January is Cervical Cancer Awareness Month
Surepoint Emergency Center wants women to be aware of the fact that cervical cancer can be prevented and treated, but only if you take the steps necessary to get screened and vaccinated. It is estimated that in 2018, more than 13,000 women in the United States will be diagnoses with cervical cancer and unfortunately, more than 4000 women will die from the disease. According to the Centers for Disease Control and Prevention, cervical cancer used to be the number one cause of cancer deaths in the US, but these numbers have significantly decreased partially due to preventative care.
Human Papillomavirus (HPV)
When cancer begins in the cervix, it is referred to as cervical cancer. Cervical cancer is typically caused by HPV, which is a virus that is passed from person to person during intercourse. HPV typically doesn’t cause any symptoms, so it is extremely difficult to know if you have the virus and for most women, the virus will go away on its own; however, if it doesn’t, there is a high risk of cervical cancer developing.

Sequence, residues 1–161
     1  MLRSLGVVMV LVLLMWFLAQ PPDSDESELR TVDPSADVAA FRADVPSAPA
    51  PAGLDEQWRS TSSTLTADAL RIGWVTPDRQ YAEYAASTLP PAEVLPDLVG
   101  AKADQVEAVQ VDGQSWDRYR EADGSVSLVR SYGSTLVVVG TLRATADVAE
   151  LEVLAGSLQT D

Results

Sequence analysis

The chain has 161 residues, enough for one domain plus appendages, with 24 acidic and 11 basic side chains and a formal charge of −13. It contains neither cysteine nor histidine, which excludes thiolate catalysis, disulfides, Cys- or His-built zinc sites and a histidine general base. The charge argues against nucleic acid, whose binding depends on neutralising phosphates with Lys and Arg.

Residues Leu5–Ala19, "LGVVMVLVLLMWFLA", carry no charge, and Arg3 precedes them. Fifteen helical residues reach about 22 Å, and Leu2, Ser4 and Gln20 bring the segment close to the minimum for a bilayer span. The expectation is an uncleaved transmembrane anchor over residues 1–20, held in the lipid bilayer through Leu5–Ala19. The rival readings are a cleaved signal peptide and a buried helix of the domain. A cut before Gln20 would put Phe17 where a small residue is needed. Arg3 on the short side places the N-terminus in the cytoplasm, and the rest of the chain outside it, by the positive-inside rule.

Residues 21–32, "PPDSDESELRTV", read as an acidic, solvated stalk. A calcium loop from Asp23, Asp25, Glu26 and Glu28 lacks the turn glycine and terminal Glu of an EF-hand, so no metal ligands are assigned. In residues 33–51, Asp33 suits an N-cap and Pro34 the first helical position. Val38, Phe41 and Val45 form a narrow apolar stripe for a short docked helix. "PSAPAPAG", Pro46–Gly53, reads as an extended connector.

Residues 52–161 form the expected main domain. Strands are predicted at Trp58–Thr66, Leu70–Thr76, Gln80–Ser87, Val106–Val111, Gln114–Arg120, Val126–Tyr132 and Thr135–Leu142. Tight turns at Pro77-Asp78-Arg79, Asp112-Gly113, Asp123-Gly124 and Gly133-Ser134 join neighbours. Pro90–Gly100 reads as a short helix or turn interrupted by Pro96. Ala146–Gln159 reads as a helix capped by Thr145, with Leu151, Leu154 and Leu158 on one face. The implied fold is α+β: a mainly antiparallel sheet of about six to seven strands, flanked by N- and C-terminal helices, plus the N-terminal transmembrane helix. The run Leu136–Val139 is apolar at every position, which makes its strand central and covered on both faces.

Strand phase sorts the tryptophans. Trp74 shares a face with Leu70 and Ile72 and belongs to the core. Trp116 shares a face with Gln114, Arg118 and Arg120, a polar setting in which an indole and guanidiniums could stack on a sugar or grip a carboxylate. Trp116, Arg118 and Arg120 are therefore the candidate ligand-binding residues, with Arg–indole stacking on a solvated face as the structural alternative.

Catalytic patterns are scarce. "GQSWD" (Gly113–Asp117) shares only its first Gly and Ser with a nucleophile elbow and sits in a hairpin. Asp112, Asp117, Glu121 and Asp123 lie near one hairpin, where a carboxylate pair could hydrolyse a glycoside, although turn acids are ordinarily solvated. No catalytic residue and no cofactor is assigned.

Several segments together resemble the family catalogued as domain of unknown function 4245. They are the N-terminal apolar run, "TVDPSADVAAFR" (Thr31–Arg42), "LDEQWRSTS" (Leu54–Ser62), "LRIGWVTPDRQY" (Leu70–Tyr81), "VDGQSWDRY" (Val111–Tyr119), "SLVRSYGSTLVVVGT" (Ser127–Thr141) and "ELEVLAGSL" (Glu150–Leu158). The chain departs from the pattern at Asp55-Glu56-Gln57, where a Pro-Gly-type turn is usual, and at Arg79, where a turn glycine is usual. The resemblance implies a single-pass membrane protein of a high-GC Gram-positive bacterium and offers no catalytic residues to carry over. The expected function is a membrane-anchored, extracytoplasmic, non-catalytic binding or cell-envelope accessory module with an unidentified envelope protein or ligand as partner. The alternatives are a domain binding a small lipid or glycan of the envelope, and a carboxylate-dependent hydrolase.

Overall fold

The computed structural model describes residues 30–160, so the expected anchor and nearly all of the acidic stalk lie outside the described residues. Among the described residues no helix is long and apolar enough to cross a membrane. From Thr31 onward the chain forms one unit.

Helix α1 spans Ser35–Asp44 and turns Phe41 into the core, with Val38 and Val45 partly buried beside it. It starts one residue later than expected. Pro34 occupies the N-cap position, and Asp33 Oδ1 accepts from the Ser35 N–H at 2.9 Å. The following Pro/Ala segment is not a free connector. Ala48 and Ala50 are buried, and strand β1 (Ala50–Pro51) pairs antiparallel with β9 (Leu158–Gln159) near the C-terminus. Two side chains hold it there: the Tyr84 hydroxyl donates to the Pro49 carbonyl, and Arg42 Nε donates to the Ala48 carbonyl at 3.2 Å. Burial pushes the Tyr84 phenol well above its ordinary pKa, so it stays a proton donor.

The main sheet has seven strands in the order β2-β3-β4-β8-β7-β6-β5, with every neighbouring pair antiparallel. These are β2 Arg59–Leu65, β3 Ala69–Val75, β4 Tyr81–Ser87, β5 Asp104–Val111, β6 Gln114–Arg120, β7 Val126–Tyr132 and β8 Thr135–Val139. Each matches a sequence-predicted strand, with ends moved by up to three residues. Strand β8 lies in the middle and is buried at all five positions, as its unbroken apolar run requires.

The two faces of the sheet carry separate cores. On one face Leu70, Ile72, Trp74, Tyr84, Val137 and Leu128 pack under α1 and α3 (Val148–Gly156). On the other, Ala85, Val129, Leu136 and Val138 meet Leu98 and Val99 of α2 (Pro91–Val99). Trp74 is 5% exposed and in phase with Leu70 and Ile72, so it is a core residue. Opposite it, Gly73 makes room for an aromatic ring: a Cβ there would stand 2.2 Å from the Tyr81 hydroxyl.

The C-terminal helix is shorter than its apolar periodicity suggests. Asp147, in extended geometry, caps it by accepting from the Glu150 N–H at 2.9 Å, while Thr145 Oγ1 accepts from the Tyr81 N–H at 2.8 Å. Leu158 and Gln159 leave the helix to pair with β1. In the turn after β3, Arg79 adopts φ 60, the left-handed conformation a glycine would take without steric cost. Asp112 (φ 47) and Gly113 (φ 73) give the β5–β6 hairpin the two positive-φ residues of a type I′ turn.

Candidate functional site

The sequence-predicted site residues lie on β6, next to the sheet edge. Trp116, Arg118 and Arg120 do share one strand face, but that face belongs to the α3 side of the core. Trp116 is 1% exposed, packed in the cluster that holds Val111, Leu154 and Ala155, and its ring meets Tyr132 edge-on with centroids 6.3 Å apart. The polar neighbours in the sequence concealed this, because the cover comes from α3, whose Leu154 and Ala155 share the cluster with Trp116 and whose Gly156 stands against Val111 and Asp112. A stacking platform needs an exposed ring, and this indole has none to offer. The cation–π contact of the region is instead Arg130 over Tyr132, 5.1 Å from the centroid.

Cervical Cancer Symptoms & Risk Factors
Unlike other forms of cancer, early cervical cancer does not have any obvious physical symptom. However, once cervical cancer has progressed, warning signs will start to appear and when cervical cancer has progressed into other structures, you may have symptoms, such as abnormal bleeding between periods or bleeding during intercourse and/or abnormal discharge throughout your menstrual cycle. There are a number of risk factors that may increase the chance of developing cervical cancer, including:
- Being overweight
- Having a family history of cervical cancer
- Human papillomavirus infection
The good news is, there are several things you can do to reduce the risk of getting cervical cancer. An annual pap smear is the best tool for the prevention of cervical cancer. There is also a vaccine to prevent against human papillomavirus infections (the leading cause of cervical cancer). Cervarix and Gardasil are vaccines available that will protect girls and women from HPV. It is recommended that you talk with your family physician about the recommended age for getting the HPV vaccine.